Wait, are those passenger pegs mounted on the swingarm? Honda had a frame-mounted arrangement on some later-production 400s, and moved the rider’s footpegs further forward as well. Photo: Bring a Trailer

The 400F weighed 392 pounds with a gallon of fuel. By comparison, the first-gen CB750 weighed 513 pounds fuelled-up, and even the CB550 weighed 455 pounds when it was gassed up. The 400 was very svelte indeed, by those standards.

That helped win some fans in markets like the UK, where customers appreciated machines that blended sweet handling with enjoyable power. It was less of a hit in the American heartland, where headwinds can blow you across a highway lane, and the highways don’t have a lot of curves.

The magazines loved the CB400, but money talks. The Honda was priced higher than its own budget twins, as well as the two-stroke 350-400cc competition. Sales suffered as a result. Photo: Bring a Trailer

Sales disappointment

Although it was well-regarded by bike writers in its day, and still is, the 400F didn’t have the sales success Honda wanted. Ultimately, it just wasn’t as fast or cheap as the two-stroke 350 competition, and it was more expensive than practical twin-cylinder four-strokes in the 350-400 class, like Honda’s own CB360, or Kawasaki’s KZ400. Honda did sell more than 100,000 CB400F models, which sounds like a lot … but its CB350 twin sold 250,000 machines. The 400F and CB360 were both canceled in 1977, replaced by the CB400T, a four-stroke parallel twin. Honda didn’t sell another 400 inline four in western markets until the CB-1 came along in 1989. That was a far worse sales disaster in North America, and Honda hasn’t bothered bringing anything like this to our market since. On the sales floor, there’s no replacement for displacement.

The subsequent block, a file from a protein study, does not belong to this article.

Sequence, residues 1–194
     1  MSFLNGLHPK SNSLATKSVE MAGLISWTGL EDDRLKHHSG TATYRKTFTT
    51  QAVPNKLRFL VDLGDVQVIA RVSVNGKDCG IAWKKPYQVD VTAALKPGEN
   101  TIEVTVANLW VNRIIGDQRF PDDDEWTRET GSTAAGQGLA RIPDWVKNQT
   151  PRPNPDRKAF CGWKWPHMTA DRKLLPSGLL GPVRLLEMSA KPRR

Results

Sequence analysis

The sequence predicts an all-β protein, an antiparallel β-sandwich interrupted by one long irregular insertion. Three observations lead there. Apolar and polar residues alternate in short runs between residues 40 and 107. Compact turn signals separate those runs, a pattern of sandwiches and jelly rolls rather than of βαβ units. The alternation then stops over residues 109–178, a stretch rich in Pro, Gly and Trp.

A gorgeous example of a mid-70s middleweight. It’ll cost a pretty penny, though. Photo: Bring a Trailer

What about this machine?

This bike is for sale on Bring a Trailer, which means it’s going to look nice, and it’s going to be an expensive purchase. A New York dealer is selling it on consignment, with no reserve price, but that doesn’t seem to be suppressing the price. At time of writing, it’s sitting on a $5,000 bid, and in the comments, someone conjectures it might sell for as much as $15,000 US. Certainly, prices are going up for vintage Japanese bikes, and vintage bikes in general.

BAT sales are almost always higher than a local Craigslist/autoTRADER/Kijiji find; however, you’re often dealing with known sellers, and it’s not like there are many of these machines left abandoned in garages and carports anyway.

There’s some conjecture in the comments section about the originality of various parts. If that’s the sort of thing that concerns you, obviously you should do your due diligence before buying. Otherwise, if you’re like most of us … enjoy the photos, and save your $15,000 for something more practical.